The Oceania Region and regional cooperation organizations
Covering 37% of the earth’s surface, stretching over half of the circumference of the globe, an arena of communication between the world’s two most dynamic regions (the Americas and East Asia), the Oceanian world has traditionally been presented in three big geographic regions:
Melanesia: New Guinea (Papua New Guinea and the Indonesian part of New Guinea), Fiji, Vanuatu, Solomon Islands and the overseas territory of New Caledonia. New Caledonia is linked to this group, which remains attentive to the institutional evolution of the territory and the implementation of the Nouméa Accords.
Polynesia : Cook Islands, Niue, Samoa, Tokelau, Tonga, Tuvalu, and the overseas territories of French Polynesia and Wallis and Futuna
Polynesia stretches geographically from New Zealand in the southwest to Easter Island in the east. This culturally very homogeneous group is close to New Zealand from a political standpoint. It comprises counties that are not as rich in natural resources (with the exception of fishing resources) and that have had difficulties establishing political structures after gaining their independence. These countries have often declared themselves in favour of the independence of the territories of the region, with the notable exception of the most recent self-determination vote in Tokelau (March 2006), the inhabitants of which decided to maintain ties with New Zealand. These countries are relatively stable politically and are managed soundly. Several countries have decided to maintain close ties with New Zealand (Niue, Cook Islands and Samoa, etc.).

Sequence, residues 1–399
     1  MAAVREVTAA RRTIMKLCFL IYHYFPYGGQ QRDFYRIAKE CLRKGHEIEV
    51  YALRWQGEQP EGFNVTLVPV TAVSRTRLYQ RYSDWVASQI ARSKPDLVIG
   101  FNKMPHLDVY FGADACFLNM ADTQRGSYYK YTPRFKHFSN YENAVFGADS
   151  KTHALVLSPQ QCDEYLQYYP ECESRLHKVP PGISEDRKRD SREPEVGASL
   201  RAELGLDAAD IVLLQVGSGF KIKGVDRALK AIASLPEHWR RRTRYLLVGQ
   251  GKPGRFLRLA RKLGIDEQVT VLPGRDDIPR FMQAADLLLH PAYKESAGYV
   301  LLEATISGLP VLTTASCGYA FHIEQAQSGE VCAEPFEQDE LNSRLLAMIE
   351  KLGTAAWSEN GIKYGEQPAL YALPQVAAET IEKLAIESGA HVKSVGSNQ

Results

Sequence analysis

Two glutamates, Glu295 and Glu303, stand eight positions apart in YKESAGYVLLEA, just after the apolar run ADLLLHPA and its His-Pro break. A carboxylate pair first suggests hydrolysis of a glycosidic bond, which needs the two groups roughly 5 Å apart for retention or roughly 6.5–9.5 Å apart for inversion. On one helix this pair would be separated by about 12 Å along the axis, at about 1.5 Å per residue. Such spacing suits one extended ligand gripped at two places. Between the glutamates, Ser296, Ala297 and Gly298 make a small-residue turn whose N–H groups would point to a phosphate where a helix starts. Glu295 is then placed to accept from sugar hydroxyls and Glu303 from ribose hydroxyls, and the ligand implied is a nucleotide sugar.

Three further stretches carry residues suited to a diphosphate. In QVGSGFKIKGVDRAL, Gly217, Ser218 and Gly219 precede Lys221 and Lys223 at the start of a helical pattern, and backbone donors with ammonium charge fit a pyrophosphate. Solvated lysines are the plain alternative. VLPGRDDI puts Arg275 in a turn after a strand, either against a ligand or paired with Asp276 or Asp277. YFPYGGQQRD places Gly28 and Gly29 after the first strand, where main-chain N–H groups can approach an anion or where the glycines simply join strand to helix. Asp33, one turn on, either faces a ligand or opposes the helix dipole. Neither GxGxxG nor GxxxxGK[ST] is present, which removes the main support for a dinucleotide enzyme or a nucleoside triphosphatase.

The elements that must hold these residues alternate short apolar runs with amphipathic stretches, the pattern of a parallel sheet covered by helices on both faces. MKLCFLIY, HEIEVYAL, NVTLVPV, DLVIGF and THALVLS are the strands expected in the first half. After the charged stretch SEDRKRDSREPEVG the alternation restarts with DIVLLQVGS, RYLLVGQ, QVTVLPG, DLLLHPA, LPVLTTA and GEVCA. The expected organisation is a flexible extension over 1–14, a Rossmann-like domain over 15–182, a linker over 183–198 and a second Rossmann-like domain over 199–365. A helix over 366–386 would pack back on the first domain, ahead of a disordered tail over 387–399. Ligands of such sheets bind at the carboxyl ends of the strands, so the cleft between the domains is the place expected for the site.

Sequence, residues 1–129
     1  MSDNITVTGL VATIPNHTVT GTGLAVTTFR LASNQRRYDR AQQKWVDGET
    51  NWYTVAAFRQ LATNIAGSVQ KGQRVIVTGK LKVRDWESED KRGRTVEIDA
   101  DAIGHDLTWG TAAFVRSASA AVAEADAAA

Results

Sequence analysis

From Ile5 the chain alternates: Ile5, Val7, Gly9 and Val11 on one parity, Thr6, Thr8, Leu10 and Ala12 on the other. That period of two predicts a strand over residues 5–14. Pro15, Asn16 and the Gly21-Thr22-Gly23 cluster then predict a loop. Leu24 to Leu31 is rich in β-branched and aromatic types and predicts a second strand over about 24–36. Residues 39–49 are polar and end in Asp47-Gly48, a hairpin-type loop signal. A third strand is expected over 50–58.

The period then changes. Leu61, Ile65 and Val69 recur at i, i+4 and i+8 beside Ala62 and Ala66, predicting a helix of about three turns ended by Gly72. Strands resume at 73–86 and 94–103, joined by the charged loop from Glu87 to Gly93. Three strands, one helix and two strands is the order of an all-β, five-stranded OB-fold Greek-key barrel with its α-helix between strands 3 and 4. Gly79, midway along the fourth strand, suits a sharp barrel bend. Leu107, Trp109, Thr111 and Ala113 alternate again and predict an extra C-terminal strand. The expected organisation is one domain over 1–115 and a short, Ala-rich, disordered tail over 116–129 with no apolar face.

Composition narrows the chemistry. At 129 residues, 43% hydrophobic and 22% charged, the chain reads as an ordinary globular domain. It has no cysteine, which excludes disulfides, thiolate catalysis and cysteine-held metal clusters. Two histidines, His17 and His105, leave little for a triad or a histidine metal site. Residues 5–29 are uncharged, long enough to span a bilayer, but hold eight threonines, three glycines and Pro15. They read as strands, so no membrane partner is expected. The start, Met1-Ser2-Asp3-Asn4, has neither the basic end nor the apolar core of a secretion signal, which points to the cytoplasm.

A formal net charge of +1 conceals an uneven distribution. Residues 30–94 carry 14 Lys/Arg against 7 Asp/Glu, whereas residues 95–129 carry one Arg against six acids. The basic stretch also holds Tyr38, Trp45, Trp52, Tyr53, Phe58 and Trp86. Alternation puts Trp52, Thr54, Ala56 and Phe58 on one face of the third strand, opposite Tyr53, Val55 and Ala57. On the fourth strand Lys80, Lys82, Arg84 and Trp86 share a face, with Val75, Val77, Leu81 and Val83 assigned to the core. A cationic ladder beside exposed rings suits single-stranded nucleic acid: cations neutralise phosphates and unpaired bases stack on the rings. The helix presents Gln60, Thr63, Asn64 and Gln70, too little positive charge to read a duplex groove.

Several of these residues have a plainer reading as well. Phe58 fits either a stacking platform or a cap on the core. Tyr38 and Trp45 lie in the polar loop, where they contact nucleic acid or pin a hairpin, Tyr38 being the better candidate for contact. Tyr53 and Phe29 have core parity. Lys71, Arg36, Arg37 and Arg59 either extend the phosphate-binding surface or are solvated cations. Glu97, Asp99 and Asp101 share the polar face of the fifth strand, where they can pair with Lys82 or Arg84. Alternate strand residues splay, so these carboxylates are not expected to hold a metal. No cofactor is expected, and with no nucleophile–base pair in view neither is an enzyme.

Micronesia: Palau, Kiribati, Federated States of Micronesia, Mariana Islands, Marshall Islands, and Nauru On the fringes of Oceania, the Kiribati Islands, the Federated States of Micronesia, Palau and Nauru are coping with their independence, while the Mariana Islands, Guam and the Marshall Islands remain linked to various degrees to the United States, to which they have entrusted their defence, in particular. Their relations with the United States are governed in the framework of a “Compact”, which ensures them substantial income.
The Pacific Islands Forum, founded in 1971, which functioned informally until its most recent summit in Port Moresby in October 2005, felt the need to structure itself to meet the challenges of the future.
During these summits, the Forum has adopted statuses, which give each regional State and territory, whether independent or not, a place therein. New Caledonia and Polynesia joined the Pacific Islands Forum as observer members in 1999 and 2004, respectively.
The Forum is carrying out a study of a new regional structure, which would be an acceptable compromise between efficiency and autonomy for the different technical organizations that are created over time to meet development needs.